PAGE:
Article from the June 2005 issue of the Socialist
newspaper of the Socialist Party, Irish section of the CWI

Aer Lingus for sale

Wages and conditions in Terminal decline!

by Councillor Clare Daly

LAST MONTH, the phoney war between Fianna Fail and the PDs on the future of Dublin Airport finally came to an end, with the government announcing its plans to a fanfare of what a great day this was for the future of Irish aviation.

Fianna Fail politicians and Chambers of Commerce were falling over themselves in their enthusiasm - Aer Lingus, we were told, is a really viable company which can now go forward and secure the investment needed to open up new routes. If that was the issue, then why didn't the government just go ahead and invest? There is nothing in EU rules, that prevents the owner of a state company investing in it as long as it is viable.

The real reason is that this debate is not about securing the future of aviation- it is about selling state assets for the enrichment of private individuals at the expense of the passenger and the workforce.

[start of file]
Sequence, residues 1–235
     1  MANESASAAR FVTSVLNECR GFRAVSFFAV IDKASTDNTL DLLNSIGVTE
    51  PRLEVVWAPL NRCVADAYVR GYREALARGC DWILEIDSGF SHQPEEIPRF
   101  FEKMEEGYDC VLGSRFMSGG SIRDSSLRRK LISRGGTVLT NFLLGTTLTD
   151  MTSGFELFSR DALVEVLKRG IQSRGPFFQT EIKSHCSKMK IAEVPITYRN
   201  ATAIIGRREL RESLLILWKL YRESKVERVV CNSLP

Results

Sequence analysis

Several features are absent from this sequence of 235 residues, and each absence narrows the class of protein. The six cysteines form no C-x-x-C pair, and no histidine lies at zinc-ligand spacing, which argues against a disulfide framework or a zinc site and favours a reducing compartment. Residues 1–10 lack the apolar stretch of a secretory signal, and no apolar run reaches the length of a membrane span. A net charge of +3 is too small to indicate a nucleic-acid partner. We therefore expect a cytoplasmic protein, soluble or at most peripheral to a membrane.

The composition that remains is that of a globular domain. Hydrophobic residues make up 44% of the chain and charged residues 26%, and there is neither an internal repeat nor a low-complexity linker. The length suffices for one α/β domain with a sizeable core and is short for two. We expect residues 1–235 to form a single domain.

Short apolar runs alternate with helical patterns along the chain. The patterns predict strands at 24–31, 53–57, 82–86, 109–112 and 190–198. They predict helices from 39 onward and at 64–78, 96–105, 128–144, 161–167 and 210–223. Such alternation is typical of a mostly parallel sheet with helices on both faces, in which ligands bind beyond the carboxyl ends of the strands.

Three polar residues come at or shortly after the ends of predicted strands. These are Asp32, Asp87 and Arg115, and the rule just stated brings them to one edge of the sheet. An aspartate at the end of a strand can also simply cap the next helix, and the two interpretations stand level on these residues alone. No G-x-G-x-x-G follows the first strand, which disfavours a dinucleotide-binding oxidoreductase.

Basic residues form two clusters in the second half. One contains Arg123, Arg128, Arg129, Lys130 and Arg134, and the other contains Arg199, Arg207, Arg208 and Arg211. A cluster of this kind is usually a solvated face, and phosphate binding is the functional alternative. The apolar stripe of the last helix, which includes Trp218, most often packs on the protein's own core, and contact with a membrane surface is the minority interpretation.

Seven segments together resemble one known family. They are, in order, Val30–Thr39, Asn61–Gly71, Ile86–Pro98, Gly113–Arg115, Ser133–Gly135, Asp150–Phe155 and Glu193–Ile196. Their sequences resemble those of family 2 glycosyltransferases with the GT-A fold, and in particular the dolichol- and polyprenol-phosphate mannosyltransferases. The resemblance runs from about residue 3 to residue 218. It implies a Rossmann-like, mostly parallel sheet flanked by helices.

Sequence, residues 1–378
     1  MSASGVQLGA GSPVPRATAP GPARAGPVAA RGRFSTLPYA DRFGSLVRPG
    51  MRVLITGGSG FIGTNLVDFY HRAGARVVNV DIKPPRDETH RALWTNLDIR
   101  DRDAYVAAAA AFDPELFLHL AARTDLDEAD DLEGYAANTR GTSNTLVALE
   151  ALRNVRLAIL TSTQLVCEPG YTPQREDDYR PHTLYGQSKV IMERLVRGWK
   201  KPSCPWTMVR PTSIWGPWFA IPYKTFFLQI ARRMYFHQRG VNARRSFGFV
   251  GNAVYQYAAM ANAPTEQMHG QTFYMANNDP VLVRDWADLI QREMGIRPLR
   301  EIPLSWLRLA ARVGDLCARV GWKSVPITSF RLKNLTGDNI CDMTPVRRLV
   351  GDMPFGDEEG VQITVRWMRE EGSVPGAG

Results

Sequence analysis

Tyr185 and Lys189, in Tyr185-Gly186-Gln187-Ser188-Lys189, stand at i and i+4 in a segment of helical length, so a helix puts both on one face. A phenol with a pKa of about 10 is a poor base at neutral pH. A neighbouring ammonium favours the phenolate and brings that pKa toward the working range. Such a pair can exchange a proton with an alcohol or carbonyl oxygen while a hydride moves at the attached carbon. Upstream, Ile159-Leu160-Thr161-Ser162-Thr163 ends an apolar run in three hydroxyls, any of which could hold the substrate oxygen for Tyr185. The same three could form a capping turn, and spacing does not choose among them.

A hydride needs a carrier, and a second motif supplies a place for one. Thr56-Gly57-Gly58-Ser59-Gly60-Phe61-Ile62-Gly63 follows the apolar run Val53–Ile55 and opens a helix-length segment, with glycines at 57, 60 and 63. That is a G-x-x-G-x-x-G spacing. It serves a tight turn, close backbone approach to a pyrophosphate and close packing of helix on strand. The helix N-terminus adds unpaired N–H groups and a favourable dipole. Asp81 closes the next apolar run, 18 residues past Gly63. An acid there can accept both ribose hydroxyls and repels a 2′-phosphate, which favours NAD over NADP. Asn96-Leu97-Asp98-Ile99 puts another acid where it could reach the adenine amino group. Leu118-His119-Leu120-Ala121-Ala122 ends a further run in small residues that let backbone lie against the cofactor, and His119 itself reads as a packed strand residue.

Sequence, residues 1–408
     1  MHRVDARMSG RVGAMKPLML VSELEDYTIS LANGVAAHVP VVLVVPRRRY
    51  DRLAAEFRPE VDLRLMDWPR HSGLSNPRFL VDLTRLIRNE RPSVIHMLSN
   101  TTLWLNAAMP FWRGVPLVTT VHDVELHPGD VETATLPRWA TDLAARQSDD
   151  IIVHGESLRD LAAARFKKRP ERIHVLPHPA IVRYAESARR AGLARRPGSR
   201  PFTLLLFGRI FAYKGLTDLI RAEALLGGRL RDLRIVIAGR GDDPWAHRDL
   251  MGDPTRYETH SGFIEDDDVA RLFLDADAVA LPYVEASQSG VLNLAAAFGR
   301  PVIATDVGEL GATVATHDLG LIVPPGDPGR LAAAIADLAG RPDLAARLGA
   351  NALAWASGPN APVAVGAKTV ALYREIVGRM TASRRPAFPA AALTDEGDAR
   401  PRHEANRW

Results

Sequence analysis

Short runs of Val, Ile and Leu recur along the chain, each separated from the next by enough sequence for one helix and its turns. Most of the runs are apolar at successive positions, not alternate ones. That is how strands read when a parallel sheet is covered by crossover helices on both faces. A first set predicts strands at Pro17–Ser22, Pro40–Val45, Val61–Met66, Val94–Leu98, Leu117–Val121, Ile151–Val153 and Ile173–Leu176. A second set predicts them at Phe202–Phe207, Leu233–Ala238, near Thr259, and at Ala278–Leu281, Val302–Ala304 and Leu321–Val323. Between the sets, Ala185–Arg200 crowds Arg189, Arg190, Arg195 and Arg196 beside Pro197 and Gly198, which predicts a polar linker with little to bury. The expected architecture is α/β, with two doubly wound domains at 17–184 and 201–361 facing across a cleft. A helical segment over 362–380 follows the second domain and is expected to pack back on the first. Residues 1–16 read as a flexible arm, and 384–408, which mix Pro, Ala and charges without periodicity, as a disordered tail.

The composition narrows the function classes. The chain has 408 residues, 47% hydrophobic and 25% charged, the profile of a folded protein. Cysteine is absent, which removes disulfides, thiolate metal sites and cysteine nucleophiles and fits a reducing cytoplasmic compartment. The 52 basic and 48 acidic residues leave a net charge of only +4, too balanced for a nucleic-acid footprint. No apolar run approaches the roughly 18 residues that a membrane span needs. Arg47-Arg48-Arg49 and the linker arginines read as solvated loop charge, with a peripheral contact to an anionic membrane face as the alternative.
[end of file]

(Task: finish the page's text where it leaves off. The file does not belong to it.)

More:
The differences between the government parties were merely differences of packaging. There was no difference on whether to privatise - only on how to present it. Much more than the speculated 51% of Aer Lingus will be sold, (with the government maintaining a small shareholding), following the appointment of advisors on the best method of sale.

Meanwhile the Dublin Airport Authority DAA, (formerly Aer Rianta) will build the new terminal. However the contract to run the second terminal will be awarded at a later date following a tendering process. This is a sop designed to let the unions save face. How can the DAA secure the tender? Its bid could only be secured by lowering existing wages and conditions.

Competition is the new buzzword for attacks on public services and driving down wages and conditions. What is being unleashed here is a massive attack on the workforces, which have already taken a huge hit in terms of large job losses albeit through voluntary redundancy.

A determined campaign by the unions to expose this process would gain massive support. Working people everywhere are experiencing an attack on wages and conditions, the idea of a permanent job is becoming a thing of the past in the race to the bottom. The government, while forcefully pursuing the privatisation agenda, is cautious and wants to avoid conflict with the unions.



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